The Best Less-Well-Known Books About World War 2

By Matthew Parker

The Books I Picked & Why

A War of Nerves: Soldiers and Psychiatrists in the Twentieth Century

By Ben Shephard

A War of Nerves: Soldiers and Psychiatrists in the Twentieth Century

Why this book?

It was working with the author on this book that first put me on to Monte Cassino – the whole place was one massive nervous breakdown. Compassionate but utterly unsentimental, Shephard tells the story of the very different diagnoses and treatments for what was called Shell Shock, then Battle Exhaustion, then PTSD. At its heart is the military doctor’s dilemma – the incompatibility of his role as healer and his obligation to get men back to the front. Nowhere else have I read such a vivid account of the effect of combat on the minds of soldiers.


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Shrapnel

By William Wharton

Shrapnel

Why this book?

Another link is that the highly-acclaimed author fought at Cassino. In my book, I tell how US servicemen in waterlogged fox-holes suffered terribly from ‘Trench Foot’. Wharton lifts the lid on how he and his fellow GIs did everything they could to get it as it meant being withdrawn from combat! Utterly unheroic, Wharton tells of the muddle, confusion, boredom, and exhaustion of frontline infantrymen – an account much closer to the stories I heard from veterans than almost anything else I’ve read.


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To Die in Spring

By Ralf Rothmann

To Die in Spring

Why this book?

German novelist Rothman tells the story of two young friends caught up in the death spiral of Nazism at the end of the war when they are forced to ‘volunteer’ for the Waffen-SS. Only recently translated into English, it is a masterpiece of precision and unsentimentality that packs a punch as brutal as almost any other war novel I know.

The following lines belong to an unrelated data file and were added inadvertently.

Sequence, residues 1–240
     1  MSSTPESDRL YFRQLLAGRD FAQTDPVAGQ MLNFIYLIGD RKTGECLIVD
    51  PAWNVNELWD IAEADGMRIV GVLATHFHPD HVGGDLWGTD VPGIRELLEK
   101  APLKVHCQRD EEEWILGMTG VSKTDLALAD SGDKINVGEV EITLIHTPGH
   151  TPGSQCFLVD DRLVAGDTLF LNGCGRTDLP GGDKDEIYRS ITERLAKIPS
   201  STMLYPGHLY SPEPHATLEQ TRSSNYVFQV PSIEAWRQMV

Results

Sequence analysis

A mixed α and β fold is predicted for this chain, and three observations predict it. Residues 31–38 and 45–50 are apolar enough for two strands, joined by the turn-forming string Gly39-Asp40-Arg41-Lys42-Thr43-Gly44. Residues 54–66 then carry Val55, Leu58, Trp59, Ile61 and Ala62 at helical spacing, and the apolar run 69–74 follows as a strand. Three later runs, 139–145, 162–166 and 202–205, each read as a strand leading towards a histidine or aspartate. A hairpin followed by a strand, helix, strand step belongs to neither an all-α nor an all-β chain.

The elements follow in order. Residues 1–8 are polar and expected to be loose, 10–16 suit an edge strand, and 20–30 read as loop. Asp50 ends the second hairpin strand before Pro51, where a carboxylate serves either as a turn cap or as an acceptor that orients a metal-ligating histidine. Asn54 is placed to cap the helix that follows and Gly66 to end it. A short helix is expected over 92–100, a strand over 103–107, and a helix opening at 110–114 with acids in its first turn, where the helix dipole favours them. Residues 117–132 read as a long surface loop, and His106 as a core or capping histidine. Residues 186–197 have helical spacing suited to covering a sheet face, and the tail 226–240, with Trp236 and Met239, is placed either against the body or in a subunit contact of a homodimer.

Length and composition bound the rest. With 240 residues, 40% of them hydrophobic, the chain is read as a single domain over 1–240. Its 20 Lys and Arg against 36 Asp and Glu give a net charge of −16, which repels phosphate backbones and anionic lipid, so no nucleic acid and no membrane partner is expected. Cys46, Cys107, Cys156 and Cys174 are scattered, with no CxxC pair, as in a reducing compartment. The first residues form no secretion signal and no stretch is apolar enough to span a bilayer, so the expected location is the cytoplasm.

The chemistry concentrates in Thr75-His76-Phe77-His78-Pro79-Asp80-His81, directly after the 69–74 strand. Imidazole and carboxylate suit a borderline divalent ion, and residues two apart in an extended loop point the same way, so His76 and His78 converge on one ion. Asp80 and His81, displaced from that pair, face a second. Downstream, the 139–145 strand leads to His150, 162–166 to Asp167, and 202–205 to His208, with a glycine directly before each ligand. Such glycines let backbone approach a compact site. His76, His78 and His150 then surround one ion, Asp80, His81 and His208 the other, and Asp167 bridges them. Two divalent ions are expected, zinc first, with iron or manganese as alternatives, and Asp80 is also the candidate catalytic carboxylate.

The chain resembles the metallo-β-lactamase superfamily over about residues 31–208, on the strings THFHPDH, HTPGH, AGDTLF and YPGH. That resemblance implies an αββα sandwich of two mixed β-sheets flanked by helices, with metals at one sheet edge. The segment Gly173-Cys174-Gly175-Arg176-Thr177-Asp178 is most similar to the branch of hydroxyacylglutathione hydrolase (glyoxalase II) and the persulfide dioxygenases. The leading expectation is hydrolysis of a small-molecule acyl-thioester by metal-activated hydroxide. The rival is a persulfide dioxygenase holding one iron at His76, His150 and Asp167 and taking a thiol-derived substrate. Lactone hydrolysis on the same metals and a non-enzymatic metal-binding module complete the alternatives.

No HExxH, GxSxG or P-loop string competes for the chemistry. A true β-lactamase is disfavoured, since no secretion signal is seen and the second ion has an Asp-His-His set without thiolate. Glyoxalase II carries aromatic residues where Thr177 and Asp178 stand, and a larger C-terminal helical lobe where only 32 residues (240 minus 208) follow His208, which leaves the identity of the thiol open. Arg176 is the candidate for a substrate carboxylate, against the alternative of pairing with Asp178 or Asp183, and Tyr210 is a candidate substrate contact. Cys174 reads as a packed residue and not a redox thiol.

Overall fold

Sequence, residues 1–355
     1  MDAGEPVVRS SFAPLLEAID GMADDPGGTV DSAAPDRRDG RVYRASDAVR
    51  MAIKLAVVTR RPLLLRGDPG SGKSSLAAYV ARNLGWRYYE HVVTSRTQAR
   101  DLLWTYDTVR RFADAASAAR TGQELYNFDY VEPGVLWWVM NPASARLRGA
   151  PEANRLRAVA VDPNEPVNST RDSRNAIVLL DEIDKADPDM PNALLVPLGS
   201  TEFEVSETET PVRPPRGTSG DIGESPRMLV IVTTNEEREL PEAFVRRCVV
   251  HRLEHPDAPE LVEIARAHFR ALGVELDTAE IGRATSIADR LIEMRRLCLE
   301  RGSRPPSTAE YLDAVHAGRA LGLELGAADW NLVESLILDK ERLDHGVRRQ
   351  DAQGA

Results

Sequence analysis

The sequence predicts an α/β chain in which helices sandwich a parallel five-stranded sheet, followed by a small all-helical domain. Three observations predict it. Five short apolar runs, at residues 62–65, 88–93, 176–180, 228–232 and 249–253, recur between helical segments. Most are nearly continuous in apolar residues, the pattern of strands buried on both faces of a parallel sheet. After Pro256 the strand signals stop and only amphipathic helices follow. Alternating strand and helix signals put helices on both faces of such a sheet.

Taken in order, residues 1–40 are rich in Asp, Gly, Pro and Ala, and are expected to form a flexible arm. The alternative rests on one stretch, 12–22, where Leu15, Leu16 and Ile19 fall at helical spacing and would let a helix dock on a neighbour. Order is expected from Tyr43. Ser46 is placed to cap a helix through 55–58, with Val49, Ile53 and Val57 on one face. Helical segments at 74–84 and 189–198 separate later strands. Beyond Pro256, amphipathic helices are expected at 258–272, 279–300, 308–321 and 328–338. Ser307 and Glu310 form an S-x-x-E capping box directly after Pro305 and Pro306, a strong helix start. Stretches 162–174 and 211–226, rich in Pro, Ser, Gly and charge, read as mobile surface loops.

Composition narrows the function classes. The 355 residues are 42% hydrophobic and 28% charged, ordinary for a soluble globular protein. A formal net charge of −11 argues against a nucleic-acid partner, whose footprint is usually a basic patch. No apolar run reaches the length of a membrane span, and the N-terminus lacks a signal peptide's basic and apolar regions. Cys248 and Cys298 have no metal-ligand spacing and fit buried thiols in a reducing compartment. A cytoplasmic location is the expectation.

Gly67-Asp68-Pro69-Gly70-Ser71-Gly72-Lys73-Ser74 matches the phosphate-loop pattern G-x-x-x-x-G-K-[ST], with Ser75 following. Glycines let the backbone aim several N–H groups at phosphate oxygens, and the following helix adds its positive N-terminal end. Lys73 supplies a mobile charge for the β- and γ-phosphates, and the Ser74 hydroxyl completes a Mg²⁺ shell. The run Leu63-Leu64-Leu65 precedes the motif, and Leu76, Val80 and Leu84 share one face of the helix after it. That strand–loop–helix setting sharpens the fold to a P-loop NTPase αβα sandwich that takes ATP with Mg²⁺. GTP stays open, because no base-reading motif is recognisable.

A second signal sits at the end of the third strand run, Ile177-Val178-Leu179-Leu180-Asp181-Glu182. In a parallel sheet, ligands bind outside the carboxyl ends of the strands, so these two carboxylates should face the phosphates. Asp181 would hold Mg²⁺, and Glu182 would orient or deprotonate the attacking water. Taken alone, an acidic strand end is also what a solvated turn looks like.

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Four Soldiers

By Hubert Mingarelli

Four Soldiers

Why this book?

Not strictly speaking World War Two, this rather strange miniature masterpiece by a French author is set during the Russian Civil War and tells the story of the friendship of four very different soldiers. It is very short – it only takes about two hours to read – but its perfectly-drawn themes of life stripped bare, of comradeship, survival, and futility will stay with you for a very long time.


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The Singapore Grip

By J. G. Farrell

The Singapore Grip

Why this book?

Something very different, and perhaps more familiar. Farrell is a master story-teller, one of the best of the twentieth century, and this book has it all – brilliantly-drawn characters, suspense, romance, action, and plenty of humour too, as it tells the story of the biggest military disaster in British history – the fall of Singapore to the Japanese. At the same time, he skewers British colonialism as well as anyone. A big, fat engrossing read – if you’ve not read it already, I’m jealous of the pleasure awaiting you.


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